But what about those of us with radically critical views of the state and civil society? Well, I may be “against the state” or large parts of it (e.g. I may be an anarchist or a revolutionary communist), but this doesn’t have to undermine the social obligation to affirm, or at least not actively oppose, the inherent worth and dignity of all people and their right to co-exist in the state and civil society. In fact, this is an important difference between anarchism or communism on one side, and fascism on the other. The former are critiques of the state that do not arbitrarily exclude people from participation and moral status (and actually attempt to propose social orders where all people are truly free to so participate), while the latter is premised upon those exclusions and mandates them in praxis.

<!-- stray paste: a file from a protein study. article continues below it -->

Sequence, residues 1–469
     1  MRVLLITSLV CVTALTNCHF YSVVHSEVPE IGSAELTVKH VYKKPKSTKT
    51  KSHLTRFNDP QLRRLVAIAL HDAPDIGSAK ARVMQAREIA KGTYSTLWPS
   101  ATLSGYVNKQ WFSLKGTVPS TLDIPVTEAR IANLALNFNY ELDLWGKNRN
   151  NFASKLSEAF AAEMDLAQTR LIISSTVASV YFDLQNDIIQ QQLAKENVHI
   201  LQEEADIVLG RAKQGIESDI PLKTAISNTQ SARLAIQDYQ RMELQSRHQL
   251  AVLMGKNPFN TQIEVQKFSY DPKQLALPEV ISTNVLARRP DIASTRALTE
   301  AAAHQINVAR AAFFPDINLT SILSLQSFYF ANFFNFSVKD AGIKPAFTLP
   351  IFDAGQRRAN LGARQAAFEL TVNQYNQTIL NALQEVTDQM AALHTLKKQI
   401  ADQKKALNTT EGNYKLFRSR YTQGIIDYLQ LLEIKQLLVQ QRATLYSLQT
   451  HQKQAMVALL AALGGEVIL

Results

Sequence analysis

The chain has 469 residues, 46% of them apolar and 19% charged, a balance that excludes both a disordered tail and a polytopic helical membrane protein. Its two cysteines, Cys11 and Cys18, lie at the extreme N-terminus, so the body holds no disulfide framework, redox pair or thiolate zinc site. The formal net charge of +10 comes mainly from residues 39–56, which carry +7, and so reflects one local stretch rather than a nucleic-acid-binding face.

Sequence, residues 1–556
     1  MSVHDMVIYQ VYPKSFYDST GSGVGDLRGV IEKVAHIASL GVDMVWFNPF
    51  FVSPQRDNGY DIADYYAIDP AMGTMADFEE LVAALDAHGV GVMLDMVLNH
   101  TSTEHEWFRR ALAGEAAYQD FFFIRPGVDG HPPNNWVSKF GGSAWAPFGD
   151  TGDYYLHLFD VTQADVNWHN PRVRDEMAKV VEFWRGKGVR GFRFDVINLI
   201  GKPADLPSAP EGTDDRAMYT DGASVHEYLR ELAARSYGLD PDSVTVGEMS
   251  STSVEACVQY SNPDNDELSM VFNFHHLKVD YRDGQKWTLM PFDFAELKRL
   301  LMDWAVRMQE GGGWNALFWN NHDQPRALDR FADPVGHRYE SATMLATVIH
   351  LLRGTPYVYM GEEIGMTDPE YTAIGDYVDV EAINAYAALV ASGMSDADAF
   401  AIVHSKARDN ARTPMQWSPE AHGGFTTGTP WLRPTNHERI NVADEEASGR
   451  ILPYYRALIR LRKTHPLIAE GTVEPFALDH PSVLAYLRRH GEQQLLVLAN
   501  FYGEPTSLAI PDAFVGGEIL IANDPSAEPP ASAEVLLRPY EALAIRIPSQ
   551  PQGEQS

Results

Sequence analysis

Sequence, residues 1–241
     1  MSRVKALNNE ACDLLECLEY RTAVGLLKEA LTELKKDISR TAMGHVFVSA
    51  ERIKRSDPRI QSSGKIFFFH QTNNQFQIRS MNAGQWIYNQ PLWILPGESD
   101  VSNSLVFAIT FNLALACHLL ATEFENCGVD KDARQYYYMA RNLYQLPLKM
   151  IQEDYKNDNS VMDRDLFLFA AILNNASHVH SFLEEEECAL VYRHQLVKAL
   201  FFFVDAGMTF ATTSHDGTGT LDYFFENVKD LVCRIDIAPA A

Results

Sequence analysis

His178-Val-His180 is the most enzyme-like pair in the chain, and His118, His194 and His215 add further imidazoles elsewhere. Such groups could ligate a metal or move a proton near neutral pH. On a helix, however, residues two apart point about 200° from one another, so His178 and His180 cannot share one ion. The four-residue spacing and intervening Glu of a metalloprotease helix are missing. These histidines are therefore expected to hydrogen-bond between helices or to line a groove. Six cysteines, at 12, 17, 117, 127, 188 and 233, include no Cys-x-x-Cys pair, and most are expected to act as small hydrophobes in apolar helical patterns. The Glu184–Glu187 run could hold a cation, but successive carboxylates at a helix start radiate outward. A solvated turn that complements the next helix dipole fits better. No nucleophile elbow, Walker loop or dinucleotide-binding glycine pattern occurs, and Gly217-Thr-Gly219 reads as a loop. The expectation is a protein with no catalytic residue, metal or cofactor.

Drawing such a line in order to retain one’s status as a citizen is also desirable because the classical liberal line of protecting racist speech while outlawing violent action is a line that fascists have learned to blur through an elaborate system of ironic practices such as the use of outrageous statements that the speakers deny being serious about when called on them. This quite often appears as “We should kill all of you. Stop, stop, I’m joking. Maybe.” “We need a white ethno-state. Perhaps I am only being ironic.” Fascists can and will make endless versions of these statements, mixing them with conspiracy theories and non-actionable discourse advocating racial hierarchies and appeals to the desirability of ethnic cleansing and eradication. As long as they aren’t calling for specific acts of violence against specific people, there are no real consequences for such speech acts even when they inspire actual violence. My hypothetical proposal recognizes this limitation and suggests that the requirements for citizenship in a just democratic society ought to be heavier than simply being able to claim one was only joking about the desirability of slavery and genocide.